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Thursday, 6 August 2009

When is a deal not a deal?

When it is an "intended participation". The government announced on the 23 March that Lloyds had agreed in principle to ask the government to guarantee £260 billion of is assets unther the Asset Protection Scheme. Details here.

It will come as little surprise to students of the governments incomepeence as well as those who have ever tried to close a deal with Lloyds, that over 4 months later, they haven't actually closed a deal, as we read the following in the Lloyds interim statement:

Intended participation in the Government Asset Protection Scheme

The Group is working with HM Treasury to finalise the detailed terms and conditions and the operational mechanics of its intended participation in the Government Asset Protection Scheme (GAPS). The operation of the Scheme and its impact on the Group’s business (and the consequential impact on its lending and the wider economy) is complex. The Group expects to conclude these discussions and agree terms and conditions which will be in the interests of shareholders.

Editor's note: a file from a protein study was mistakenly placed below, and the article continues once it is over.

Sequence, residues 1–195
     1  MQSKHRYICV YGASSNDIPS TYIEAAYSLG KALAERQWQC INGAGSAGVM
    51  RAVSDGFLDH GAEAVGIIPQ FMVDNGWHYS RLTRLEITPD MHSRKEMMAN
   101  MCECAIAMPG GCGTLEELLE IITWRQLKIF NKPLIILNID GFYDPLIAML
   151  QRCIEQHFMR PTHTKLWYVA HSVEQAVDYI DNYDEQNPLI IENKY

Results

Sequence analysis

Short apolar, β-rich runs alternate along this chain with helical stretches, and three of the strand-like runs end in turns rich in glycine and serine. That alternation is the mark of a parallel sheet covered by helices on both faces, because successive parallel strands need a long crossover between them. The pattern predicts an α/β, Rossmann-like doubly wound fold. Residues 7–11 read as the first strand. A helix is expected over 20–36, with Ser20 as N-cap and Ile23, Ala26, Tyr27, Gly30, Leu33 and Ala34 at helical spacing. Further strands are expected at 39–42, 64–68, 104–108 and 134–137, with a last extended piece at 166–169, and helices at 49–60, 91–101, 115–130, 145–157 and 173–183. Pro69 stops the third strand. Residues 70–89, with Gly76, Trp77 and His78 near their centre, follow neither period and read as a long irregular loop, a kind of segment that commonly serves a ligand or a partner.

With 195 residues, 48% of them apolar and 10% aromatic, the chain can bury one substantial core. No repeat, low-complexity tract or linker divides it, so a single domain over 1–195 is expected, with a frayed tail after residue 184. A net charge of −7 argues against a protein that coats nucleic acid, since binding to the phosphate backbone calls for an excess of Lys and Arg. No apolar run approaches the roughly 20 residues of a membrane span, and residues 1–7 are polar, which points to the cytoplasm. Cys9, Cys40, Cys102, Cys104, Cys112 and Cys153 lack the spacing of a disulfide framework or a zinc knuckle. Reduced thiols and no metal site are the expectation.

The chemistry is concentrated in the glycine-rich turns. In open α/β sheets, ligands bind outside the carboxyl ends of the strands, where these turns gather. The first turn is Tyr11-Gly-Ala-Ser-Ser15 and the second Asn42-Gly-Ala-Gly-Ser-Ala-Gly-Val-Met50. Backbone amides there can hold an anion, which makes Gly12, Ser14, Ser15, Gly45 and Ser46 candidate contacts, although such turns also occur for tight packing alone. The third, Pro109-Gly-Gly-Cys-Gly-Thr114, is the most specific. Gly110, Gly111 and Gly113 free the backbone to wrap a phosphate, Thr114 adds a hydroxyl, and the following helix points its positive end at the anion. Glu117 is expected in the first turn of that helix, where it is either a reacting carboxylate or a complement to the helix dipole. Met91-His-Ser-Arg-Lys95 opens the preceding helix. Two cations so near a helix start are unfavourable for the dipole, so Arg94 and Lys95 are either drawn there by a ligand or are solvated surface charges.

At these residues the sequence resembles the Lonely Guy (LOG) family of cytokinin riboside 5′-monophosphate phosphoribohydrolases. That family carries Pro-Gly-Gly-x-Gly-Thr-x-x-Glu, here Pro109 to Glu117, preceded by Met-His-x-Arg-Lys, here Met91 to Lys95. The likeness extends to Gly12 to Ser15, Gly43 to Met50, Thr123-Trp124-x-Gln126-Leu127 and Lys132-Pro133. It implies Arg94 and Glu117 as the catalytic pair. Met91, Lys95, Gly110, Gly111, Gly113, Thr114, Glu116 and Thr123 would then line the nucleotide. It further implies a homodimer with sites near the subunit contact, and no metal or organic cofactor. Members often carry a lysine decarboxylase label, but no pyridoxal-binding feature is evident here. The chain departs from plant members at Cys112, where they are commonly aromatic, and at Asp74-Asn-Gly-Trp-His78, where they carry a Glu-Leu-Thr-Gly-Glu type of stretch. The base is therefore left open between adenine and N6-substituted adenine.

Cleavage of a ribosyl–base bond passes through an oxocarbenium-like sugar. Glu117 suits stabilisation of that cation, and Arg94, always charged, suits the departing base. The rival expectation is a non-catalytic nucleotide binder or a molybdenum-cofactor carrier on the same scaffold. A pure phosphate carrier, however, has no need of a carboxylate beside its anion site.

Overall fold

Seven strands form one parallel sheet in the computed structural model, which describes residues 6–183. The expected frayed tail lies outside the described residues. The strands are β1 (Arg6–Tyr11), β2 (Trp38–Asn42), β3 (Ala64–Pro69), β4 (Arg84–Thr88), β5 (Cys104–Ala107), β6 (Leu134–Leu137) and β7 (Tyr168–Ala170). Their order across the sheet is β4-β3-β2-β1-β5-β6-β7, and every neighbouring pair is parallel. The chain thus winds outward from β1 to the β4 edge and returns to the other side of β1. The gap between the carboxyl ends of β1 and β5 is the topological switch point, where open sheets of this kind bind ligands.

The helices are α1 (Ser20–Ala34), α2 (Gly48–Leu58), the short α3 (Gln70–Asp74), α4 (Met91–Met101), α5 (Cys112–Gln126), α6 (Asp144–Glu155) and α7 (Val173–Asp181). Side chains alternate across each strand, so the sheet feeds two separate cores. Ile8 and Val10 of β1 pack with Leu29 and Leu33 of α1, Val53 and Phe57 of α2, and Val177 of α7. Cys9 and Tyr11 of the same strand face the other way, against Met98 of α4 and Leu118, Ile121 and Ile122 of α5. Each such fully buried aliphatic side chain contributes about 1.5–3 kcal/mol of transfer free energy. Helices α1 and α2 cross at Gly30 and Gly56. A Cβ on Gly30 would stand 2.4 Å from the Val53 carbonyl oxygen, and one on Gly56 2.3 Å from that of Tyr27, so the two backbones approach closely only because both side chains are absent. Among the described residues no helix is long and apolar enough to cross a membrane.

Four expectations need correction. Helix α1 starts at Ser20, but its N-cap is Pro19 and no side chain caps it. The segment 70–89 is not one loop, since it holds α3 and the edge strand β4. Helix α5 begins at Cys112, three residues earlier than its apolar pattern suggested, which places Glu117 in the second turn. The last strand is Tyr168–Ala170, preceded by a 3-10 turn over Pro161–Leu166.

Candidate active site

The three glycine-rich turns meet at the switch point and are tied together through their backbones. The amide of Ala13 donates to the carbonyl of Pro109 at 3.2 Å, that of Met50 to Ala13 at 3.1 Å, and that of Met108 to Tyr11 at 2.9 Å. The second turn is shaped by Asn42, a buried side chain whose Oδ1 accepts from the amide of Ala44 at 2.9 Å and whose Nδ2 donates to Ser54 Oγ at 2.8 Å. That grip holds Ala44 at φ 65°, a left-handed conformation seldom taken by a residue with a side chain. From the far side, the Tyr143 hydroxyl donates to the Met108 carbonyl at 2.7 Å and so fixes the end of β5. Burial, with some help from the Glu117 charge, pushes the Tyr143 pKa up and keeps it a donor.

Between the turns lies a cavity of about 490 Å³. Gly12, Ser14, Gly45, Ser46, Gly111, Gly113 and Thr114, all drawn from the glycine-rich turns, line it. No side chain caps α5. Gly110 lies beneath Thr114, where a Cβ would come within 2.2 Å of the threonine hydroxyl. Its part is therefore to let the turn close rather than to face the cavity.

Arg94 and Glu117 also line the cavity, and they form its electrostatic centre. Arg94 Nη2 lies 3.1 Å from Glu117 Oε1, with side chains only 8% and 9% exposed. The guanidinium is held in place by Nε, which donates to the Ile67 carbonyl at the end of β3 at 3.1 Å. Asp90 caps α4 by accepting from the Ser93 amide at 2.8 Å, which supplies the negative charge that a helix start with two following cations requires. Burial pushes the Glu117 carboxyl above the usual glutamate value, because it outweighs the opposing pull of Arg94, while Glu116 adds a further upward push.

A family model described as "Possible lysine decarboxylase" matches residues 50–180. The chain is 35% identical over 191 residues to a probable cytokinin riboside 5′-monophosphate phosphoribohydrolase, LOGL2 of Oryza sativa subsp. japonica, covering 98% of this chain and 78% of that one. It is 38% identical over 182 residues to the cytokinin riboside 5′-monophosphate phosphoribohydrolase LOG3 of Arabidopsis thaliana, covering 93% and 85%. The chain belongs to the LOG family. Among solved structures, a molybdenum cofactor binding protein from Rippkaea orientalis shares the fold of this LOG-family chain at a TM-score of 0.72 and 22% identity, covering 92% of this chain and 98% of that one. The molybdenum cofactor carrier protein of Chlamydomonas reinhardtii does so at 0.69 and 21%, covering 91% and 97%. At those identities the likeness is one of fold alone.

Given that:
  1. Lloyds has written off about £25 billion and thinks it has nearly cleared out its bad assets;
  2. the APS scheme only kicks in after Lloyds have taken the first loss of 25% (c. £65 billion) and it is thus unlikely that loys would ever call on the government's guarantee;
  3. the main advantage of the scheme to Lloyds (that wrapping the second loss position in a government guarantee effectively turns £200 billion of assets into 0% risk weighted assets) is largely irrelevant because Lloyds now has total regulatory capital equal to 10.2% of risk weighted assets after yesterday's £7 billion additional profit (despite the £13 billion write off); and
  4. Lloyds has decided that £300 billion of its £1,100 billion assets are "non-core" and will be run down or sold, thus improving its capital ratios further,
it is hard to see why Lloyds would want to agree a deal, except that it will probably be strong armed into doing so by the government rather than see the Treasury and UKFI embarrassed by Lloyds deciding it is not such a good idea after all.

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